His Father’s Son

Swanning down the wide staircase in the courthouse, Gordon left Gordon up in the office and for these isolated, precious moments became herself. Regally erect, carriage impeccable, she knew every eye was on her and did not deign to return the looks. She could almost hear the rustle of taffeta, the soft murmurs and perhaps even the sounds of an orchestra tuning. Heels clicking, alabaster white hand gliding down the wide sweep of the marble banister, she arched her back ever so slightly and allowed herself full access to her real power. A complex and indefinable state of being that evaporated the moment her foot left the stairs and Gordon accepted the plunge back into his life, tightly circumscribed and inescapable.

Each day, Gordon did as was expected of him, maintaining his respectable life and coveted position in the ministry. Looking back, he saw his complicity in every step of the way that had brought him to yet another intolerable day of suffocating deceit. He nodded to his undersecretary and took a dossier from a colleague. He heard soft conversation behind him, knowing it had nothing to do with his secret and everything to do with a certain unpopular but necessary policy change he was proposing. Gordon understood that the simple, easy to define power he actually did possess often resulted in the making of enemies. And these were people who desired that? Some power.

Gordon lived a comfortable life, an enviable one even. He genuinely loved his wife, Arlene, and his children, the twins Meg and Mary and his son, Eric. Eric had hit that next difficult age (because, after all, wasn't every age difficult? OK, he had seemed like a pretty happy kid at four.), walling himself off, garrisoned by technology and weaponized sarcasm, in a bedroom that doubled as a fortress. No one went in. Arlene was in agony about it, reading books by experts and attending support groups. Gordon, by virtue of being away every day, was able to be more philosophical about the whole thing and liked to believe that he and Eric shared an unspoken connection that Arlene and the twins could not detect or share.

It all blew up the night of the charity ball, the one that Arlene was on the planning committee for and had put more effort and time into than Gordon had his big policy change (the one that was up for vote on Monday). Quite deliberately, Gordon had notified Arlene well in advance that he would have to go directly to the ball from work and would meet her there. He had been through too many hair pulling nights of chaos as the three females in his otherwise contented home prepared for a Big Night Out. Kindly, he offered to have Eric fetched at school and brought to the office. They could go to the ball together and avoid the feminine madness. Eric’s response was unrepeatable and shocking.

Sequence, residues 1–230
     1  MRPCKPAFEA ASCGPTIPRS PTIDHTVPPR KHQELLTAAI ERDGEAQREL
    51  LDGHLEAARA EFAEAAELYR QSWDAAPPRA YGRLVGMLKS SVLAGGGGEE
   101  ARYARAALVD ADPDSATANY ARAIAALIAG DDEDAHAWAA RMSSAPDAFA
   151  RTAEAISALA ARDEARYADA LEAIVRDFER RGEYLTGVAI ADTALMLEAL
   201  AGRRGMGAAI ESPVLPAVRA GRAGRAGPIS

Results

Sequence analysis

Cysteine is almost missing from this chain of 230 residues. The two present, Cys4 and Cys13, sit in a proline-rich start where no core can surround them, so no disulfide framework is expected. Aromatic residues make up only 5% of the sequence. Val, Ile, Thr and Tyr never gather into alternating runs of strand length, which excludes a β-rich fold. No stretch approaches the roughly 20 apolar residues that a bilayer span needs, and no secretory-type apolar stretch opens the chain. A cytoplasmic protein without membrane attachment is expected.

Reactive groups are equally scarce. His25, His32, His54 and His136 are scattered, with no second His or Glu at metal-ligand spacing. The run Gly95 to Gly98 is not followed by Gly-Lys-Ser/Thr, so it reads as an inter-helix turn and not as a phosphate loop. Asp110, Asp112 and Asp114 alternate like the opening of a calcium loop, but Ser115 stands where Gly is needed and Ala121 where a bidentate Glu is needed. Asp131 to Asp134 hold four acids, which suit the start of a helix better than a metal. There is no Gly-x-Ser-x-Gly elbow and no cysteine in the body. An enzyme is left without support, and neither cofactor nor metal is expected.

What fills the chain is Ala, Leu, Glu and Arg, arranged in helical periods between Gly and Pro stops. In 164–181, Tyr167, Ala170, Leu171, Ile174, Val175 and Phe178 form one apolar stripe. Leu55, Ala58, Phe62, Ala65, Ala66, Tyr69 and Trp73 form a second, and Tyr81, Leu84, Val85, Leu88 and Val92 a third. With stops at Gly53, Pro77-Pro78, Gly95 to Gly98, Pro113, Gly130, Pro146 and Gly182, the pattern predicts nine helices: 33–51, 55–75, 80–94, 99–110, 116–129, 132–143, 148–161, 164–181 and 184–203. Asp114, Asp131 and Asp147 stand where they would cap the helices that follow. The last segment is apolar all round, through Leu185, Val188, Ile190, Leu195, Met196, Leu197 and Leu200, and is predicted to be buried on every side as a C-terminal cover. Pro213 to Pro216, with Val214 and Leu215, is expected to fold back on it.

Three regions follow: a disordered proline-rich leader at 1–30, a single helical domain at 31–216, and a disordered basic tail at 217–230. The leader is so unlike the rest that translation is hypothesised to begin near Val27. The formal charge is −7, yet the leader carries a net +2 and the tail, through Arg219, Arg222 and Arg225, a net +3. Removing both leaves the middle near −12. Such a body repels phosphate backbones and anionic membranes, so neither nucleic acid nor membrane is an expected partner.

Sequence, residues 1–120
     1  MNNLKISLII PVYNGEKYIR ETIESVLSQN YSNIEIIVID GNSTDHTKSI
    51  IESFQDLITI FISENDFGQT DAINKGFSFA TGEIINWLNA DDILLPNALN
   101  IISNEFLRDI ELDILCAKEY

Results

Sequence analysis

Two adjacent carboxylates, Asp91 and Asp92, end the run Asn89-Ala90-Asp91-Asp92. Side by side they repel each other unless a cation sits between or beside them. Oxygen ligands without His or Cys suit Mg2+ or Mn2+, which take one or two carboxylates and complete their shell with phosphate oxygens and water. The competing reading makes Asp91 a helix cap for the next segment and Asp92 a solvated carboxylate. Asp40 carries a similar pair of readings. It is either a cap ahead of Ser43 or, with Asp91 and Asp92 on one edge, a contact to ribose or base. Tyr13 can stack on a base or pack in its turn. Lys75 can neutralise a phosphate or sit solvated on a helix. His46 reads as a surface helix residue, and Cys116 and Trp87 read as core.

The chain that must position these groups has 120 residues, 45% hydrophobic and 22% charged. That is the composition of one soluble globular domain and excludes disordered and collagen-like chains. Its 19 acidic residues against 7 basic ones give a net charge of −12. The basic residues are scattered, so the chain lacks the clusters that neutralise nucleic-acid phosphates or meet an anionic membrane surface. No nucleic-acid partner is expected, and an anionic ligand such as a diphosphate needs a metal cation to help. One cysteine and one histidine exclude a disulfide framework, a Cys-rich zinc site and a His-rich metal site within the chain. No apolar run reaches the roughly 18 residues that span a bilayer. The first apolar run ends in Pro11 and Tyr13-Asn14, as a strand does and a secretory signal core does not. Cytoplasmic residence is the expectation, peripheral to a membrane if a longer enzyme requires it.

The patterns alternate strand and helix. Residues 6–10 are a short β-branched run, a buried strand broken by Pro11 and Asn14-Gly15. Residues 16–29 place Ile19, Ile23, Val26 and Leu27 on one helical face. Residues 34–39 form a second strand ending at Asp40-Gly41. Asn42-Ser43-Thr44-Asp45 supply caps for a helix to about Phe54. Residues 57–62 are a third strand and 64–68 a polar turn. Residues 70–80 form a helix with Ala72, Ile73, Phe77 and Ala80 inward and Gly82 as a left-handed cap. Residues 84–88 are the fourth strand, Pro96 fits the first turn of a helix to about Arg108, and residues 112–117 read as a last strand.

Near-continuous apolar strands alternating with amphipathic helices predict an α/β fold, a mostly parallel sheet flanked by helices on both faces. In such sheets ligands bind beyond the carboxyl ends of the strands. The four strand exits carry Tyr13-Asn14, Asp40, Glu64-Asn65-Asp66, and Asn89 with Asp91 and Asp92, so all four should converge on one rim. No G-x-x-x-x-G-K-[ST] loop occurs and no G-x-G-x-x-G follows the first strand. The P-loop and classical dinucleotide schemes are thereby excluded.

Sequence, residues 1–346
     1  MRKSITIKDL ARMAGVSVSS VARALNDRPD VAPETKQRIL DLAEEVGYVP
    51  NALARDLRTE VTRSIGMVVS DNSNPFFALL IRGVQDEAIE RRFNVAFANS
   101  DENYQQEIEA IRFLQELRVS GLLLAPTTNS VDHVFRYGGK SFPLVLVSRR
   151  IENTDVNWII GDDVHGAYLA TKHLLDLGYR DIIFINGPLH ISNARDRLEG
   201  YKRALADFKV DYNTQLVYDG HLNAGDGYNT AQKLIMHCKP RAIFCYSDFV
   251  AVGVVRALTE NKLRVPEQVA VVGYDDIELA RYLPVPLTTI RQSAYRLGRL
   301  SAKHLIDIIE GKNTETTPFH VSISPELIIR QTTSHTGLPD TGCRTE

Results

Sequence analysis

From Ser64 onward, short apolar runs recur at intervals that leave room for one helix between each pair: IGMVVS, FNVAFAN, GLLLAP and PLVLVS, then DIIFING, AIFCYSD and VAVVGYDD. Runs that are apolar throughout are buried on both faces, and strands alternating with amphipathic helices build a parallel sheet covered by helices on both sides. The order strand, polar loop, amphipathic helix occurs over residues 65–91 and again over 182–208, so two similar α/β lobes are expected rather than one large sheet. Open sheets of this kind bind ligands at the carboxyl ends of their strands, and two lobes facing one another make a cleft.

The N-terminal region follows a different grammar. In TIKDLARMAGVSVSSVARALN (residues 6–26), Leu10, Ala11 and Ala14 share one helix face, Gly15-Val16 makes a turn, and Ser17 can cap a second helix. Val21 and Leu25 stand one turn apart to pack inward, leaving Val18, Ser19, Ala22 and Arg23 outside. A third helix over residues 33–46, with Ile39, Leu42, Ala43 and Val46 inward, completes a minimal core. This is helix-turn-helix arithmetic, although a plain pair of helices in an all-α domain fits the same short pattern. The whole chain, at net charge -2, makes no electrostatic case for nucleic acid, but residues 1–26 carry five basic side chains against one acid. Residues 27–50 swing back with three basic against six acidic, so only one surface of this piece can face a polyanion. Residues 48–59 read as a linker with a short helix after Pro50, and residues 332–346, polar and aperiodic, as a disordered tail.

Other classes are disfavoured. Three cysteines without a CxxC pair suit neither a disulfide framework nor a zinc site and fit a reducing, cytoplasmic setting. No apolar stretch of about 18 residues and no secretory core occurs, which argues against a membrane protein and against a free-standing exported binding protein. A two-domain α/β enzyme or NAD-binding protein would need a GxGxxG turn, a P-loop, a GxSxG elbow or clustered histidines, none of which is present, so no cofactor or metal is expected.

All afternoon, Gordon mulled his son’s hostility. Where did it come from? How had he and Arlene failed? The girls showed none of this fury, this pent-up rage. Gordon couldn't concentrate and when he did have to go down to the main floor he took the elevator avoiding the staircase and its ridiculous fantasies. Finally at 6, he gave up and had his car brought around, instructing Sven to drive him home even though Arlene and the girls would still be in full preparation. Maybe he could make it quick, get in, get into the tux that he was now bringing back home with him, scoop up his recalcitrant son and then what? Have a heartfelt man to man talk? Gordon just didn't know. In his briefcase were the new silken underthings he had been looking forward to wearing under his tux for weeks. Even that fell flat, giving him no pleasure.

No sooner was Gordon in the door than he saw the utter futility of whatever half formed plan he had had on the drive over. All was mayhem. It made his heart ache to see all those lovely, silky, satiny, colorful skimps of clothing that his girls tossed around like trash. Women had no idea how blessed they were. Sighing, he mounted the stairs heavily, passing Eric’s door. He stopped. He had to say something. Taking a deep breath, he knocked sharply and pushed the door open, staring in confusion at his son. His son, bony and defiant in a peach satin slip, his snarling mouth delicately outlined in a most becoming shade of coral. Dimly, it registered in Gordon’s baffled mind that his son’s lipstick was a little smudged and from somewhere the right words arose. “Here, I can help.” And he closed the door before the girls saw.

Portrait of Henri II de Lorraine — Anthonis van Dyck (1634)

Published July 2017 as part of the “Two Stories Up!” Series (2016–2017). 
Two Stories Up! was an ongoing project that had Tammy Remington and AleXander Hirka (The Anomalous Duo) each composing a new (extremely short) short story every two months which was then sent via postal mail to interested readers.